10. Oinkus

    Oinkus Member

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    I put a damp sponge into a plastic baggie and put it in the case during winter while the heat is on for all my acoustics and electrics. Keyword is damp and leave the top open to let it humidify. Costs pretty close to nothing.
     
  11. Scottone

    Scottone Member

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    Keep the guitars in their cases with Oasis humidifiers, have a room humidifier in my music room, and have a whole-home one on my furnace. Might be overkill :)
     
  12. Parlorman

    Parlorman Silver Supporting Member

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  13. Knaggster57

    Knaggster57 Member

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    How do you recharge them?
     
  14. beeswax75

    beeswax75 Member

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    You just soak a paper towel with distilled water, squeeze it out so it's damp, then wrap it around the Bovida pack, and then put it in a plastic ziplock for 24hrs. That's it. Sometimes you have to repeat to full charge it. Distilled water isn't mandatory but theoretically is better.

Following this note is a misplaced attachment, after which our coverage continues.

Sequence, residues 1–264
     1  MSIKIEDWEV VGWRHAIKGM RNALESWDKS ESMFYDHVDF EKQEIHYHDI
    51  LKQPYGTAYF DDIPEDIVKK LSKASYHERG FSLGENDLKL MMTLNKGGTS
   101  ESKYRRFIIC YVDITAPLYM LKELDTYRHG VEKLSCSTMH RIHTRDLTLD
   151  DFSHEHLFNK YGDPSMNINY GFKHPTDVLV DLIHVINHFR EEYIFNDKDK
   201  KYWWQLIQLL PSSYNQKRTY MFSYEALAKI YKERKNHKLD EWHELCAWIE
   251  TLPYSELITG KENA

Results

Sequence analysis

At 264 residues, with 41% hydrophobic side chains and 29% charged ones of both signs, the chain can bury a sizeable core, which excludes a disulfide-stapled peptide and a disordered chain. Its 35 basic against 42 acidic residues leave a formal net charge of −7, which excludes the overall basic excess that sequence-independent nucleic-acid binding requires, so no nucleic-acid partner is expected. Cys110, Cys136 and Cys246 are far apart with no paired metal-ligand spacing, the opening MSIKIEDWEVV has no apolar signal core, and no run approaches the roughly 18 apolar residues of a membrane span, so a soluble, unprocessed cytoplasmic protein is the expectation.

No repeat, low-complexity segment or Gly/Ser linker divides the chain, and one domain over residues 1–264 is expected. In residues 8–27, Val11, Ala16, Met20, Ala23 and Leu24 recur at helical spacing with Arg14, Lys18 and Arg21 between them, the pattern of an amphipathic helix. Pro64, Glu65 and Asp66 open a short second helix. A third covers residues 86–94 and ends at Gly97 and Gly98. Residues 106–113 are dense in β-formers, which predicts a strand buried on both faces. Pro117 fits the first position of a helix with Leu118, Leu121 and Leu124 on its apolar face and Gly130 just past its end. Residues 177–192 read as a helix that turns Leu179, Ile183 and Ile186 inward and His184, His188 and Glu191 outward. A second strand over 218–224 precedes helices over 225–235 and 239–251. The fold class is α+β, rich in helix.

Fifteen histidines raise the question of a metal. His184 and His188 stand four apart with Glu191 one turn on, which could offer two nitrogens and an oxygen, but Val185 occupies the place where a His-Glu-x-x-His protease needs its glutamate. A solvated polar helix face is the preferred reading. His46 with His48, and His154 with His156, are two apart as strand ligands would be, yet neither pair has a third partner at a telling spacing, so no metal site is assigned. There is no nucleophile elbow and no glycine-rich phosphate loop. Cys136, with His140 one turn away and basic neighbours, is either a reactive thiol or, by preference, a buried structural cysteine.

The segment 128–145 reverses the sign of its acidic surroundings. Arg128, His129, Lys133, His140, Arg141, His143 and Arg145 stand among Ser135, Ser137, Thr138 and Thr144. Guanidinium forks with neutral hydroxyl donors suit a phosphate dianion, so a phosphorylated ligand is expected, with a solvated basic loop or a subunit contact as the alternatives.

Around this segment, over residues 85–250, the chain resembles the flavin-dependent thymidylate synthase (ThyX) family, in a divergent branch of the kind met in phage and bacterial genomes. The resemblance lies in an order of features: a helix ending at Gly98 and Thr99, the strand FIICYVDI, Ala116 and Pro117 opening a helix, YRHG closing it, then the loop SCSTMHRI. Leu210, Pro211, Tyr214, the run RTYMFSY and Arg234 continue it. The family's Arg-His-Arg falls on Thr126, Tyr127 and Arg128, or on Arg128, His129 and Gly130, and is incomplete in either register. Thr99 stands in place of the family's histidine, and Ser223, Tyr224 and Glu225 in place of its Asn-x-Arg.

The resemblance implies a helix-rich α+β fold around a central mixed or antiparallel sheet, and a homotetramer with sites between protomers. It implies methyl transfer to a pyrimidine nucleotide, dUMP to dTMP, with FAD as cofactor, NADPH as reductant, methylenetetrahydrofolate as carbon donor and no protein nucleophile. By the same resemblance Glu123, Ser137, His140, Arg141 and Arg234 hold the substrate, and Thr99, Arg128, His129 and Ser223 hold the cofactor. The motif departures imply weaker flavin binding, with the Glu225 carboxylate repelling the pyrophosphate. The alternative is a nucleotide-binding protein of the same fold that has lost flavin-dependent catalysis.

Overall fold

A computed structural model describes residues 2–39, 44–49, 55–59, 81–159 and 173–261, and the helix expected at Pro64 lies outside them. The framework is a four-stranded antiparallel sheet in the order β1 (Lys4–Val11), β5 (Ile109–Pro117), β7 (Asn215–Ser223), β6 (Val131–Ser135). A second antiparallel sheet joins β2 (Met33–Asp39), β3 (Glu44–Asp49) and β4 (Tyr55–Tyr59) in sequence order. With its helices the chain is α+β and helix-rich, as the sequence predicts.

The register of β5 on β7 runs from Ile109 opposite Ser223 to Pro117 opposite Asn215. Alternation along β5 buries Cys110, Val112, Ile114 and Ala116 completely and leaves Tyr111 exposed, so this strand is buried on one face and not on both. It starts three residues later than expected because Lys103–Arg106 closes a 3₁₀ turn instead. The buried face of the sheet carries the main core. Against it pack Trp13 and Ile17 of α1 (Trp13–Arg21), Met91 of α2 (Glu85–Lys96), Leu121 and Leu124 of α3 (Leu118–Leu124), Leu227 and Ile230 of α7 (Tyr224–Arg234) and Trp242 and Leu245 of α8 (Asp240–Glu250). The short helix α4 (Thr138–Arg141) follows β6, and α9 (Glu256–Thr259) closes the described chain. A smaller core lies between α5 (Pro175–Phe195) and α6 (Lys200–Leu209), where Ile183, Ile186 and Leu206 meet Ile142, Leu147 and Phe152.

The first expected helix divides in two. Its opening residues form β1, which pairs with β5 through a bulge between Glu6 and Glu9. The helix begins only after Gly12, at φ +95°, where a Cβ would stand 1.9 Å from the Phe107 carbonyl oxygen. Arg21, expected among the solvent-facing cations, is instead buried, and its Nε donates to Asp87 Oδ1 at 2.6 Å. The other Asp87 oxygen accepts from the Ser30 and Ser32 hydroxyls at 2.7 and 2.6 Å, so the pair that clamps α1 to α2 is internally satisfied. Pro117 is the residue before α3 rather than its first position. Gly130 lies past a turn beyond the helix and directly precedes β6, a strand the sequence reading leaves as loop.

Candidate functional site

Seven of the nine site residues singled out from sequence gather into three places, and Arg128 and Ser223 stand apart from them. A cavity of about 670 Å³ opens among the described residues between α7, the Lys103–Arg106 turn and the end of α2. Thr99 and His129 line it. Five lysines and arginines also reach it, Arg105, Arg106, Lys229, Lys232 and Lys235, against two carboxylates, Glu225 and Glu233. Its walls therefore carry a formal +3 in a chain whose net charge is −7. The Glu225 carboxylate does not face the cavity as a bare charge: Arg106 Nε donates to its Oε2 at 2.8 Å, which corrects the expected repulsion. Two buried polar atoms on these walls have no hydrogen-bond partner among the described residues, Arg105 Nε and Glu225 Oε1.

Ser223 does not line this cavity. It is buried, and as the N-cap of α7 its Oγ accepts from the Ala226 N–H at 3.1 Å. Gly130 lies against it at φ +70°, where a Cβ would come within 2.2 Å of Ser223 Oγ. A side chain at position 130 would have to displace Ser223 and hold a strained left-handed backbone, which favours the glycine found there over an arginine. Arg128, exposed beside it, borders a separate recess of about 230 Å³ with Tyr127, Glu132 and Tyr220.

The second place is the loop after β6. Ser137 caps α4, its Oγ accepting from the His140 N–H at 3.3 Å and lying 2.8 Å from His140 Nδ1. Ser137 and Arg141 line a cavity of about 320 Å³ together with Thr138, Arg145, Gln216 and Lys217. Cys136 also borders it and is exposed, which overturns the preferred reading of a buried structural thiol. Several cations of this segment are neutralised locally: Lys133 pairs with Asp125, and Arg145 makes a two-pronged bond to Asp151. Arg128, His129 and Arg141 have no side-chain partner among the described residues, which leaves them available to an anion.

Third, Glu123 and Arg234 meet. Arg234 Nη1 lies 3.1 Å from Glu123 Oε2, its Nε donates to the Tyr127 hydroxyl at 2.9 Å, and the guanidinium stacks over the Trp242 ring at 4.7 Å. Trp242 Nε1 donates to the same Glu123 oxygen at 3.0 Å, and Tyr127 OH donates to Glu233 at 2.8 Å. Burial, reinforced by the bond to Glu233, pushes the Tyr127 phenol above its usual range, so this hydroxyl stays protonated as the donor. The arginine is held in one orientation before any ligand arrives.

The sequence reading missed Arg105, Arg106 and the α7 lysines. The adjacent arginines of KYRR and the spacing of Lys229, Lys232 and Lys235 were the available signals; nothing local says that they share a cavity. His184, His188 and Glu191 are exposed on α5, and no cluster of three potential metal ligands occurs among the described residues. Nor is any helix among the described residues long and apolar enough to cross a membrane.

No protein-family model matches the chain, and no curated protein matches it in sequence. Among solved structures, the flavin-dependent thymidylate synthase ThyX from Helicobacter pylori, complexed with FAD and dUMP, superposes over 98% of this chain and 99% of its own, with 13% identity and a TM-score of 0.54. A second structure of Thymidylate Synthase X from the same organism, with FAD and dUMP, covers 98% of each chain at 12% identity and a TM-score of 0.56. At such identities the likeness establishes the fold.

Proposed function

Last edited: Apr 10, 2020
  15. Knaggster57

    Knaggster57 Member

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    Thanks! I always have distilled water around and look forward to trying it. I just got 20% off on four of the 3 paks on GC a few days ago. Guess they’ll be around for a while lol.
     
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  16. gibson3798

    gibson3798 Member

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    I keep them cased, with a sponge inside the case in a ziplock bag with a few holes. I have a hygrometer in the case and when needed I’ll moisten the sponge slightly and that takes care of everything.

    Like most things, it can be overanalyzed and made much harder than it really should be.
     
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  17. JSeth

    JSeth Member

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    Not too often a concern here in central/western Oregon, but when the rh% gets below 40 in my little home, I certainly pay attention... if it goes down into the mid-low 30's, I'll consider casing my guitars (3 acoustics, 2 electrics); when it goes below 30%rh, I'll put them in cases with soundhole gizmo w/ damp sponge (Planet Waves?), as well as a shallow plastic container w/ holes in the lid, filled with water beads, up by the headstock area of the case... keeps the neck hydrated.